Maritzburg United chairman Farook Kadodia (right) already has plans of how he can spend a portion of the teams winning to better club. Photo: Ryan Wilkisky/BackpagePix
SuperSport United player Aubrey Modiba and Farook Kadodia, chairmain of Maritzburg United share something in common 
 they both want to use their success from Nedbank Football Initiatives to build “courts’’ for their respective institutions.

Maritzburg could be in-line to be the next football fraternity to be shaped by one of South Africa’s corporate banks if they win the Nedbank Cup against Free State Stars tonight (kick-off at 7pm) at Cape Town Stadium. 

This will be the club’s maiden cup final since its inception 30 years ago. Kadodia says that bagging the R7 million pay-cheque will go a long way in renovating their home-ground Harry Gwala Stadium that only has a roof covering the grandstand.

“That would be my number one priority (to fully revamp the Stadium),” Kadodia told my colleague Lungani Zama who’s based in Durban, as they toured the Stadium. “If we could finish this stadium, we could have a capacity of around 18000 here, and that would make a huge difference. Investing in a place with a proper stadium is far more appealing to potential partners.

“The stadium was built as a warm-up or training venue for the 2010 World Cup, but it was never fully done. The money for that project conveniently ran out, and the stamina to pursue the trail fizzled out with the end of the World Cup.’’

Modiba’s graduation from the Nedbank Ke Yona Team Search has already proven to be a success story both on and off the pitch. In the 2016/2017 season - his first with SuperSport - the 22-year-old has been an instrumental figure in the triumphs of the Nedbank Cup and securing a spot in the finals of the Caf Confederations Cup.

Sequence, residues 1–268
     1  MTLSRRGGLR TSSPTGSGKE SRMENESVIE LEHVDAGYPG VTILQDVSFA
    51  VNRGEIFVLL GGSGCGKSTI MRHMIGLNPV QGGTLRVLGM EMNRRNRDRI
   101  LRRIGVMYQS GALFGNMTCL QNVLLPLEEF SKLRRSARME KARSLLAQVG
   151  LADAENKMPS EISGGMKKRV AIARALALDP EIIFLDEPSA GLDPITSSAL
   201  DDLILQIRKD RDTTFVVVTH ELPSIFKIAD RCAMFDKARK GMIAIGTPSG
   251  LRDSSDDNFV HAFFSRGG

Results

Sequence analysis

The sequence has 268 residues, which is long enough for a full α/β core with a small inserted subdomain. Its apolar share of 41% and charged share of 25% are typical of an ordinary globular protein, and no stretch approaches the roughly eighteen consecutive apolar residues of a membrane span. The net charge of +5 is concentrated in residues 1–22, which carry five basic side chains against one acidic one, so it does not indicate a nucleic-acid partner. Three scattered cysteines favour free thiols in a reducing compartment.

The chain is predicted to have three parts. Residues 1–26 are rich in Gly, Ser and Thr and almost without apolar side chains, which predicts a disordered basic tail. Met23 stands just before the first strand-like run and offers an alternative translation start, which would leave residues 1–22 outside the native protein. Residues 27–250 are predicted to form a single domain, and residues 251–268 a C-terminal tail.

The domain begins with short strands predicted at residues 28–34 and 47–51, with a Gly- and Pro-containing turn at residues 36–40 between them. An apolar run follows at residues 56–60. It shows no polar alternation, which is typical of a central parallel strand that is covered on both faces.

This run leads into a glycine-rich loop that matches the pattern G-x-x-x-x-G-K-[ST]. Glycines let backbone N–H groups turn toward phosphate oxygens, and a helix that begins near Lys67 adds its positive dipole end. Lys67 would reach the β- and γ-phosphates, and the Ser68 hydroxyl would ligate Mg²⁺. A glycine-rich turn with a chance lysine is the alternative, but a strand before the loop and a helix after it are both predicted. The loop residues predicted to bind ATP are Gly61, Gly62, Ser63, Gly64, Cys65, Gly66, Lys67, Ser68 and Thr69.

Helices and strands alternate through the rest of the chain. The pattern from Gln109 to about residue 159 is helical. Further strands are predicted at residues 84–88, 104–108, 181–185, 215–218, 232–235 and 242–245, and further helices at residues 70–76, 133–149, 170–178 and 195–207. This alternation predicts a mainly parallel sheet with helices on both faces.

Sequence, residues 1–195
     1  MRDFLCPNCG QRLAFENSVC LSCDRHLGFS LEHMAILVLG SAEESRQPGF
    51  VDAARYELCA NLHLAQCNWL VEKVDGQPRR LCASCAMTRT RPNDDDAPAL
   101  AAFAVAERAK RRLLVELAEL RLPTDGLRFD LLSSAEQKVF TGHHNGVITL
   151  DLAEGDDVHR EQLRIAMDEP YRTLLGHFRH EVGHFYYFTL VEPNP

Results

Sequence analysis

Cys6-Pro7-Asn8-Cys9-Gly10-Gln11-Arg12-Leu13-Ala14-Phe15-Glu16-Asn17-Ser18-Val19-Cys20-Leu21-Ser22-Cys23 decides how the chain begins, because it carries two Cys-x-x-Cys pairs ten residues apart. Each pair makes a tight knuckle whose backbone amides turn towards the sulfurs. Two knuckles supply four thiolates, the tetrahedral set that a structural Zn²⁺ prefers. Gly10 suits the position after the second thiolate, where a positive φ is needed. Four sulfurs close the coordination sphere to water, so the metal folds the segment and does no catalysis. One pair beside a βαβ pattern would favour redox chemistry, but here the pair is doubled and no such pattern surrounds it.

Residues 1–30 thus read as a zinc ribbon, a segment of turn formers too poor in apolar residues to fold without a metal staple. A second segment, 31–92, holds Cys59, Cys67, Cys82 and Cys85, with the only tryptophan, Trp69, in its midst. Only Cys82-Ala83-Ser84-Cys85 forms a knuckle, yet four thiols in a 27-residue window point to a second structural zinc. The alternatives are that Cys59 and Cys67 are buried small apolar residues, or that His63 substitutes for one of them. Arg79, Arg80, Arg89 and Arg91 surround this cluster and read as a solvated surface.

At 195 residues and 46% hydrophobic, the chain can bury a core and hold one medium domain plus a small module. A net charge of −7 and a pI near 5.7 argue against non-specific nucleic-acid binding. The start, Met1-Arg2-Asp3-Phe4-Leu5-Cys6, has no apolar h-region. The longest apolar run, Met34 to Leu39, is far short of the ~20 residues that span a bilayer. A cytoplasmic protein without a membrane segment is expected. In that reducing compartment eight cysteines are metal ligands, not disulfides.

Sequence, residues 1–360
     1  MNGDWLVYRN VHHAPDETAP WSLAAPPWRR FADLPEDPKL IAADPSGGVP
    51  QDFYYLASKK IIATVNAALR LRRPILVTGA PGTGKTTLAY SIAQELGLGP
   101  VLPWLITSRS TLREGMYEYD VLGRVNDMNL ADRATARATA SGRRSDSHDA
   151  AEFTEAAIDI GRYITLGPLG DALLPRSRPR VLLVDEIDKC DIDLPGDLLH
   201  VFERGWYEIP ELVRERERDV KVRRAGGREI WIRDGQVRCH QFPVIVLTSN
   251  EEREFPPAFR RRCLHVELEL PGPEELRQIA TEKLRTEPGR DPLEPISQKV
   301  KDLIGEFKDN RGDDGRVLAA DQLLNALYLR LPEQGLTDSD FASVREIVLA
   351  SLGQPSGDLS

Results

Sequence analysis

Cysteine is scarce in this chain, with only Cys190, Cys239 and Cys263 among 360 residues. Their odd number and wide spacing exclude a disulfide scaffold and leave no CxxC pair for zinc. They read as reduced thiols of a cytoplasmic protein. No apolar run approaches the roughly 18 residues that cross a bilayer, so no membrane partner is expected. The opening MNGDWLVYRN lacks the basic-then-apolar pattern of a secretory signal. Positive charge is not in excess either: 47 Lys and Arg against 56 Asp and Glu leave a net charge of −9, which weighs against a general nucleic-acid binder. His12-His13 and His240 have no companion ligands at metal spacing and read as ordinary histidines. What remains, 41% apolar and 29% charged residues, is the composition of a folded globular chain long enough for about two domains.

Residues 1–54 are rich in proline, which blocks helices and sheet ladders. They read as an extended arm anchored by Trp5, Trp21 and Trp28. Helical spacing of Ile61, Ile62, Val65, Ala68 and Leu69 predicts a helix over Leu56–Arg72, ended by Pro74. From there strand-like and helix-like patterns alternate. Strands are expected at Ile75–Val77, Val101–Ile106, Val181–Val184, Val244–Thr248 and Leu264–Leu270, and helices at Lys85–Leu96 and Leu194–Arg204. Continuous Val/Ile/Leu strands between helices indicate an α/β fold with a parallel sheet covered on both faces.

This season, he won the MTN-8 trophy and played an integral part in saving the club from relegation. Off the field, he’s recently gave back to his former school Makgefola Primary in Polokwane a Multipurpose sports court worth R1.2 million courtesy of Nedbank and the Sports Trust. The Matshelapata-born winger believes that this will help local children reach their dreams like he did.

“Giving back with a Multipurpose court means the world to me, he said. “I’ve got no words, hence, I am grateful to Nedbank and the Sports Trust. I just hope that they continue doing initiatives like this especially for people who hail from rural areas because no one knew my home-town until the unveiling of the court.

“The court will help the children a lot. It does not only cater for soccer but also other activities. I am happy that Nedbank didn’t focus on me being in their soccer industry but they made the court to be accessible to different kinds of sports.’’

Independent on Saturday

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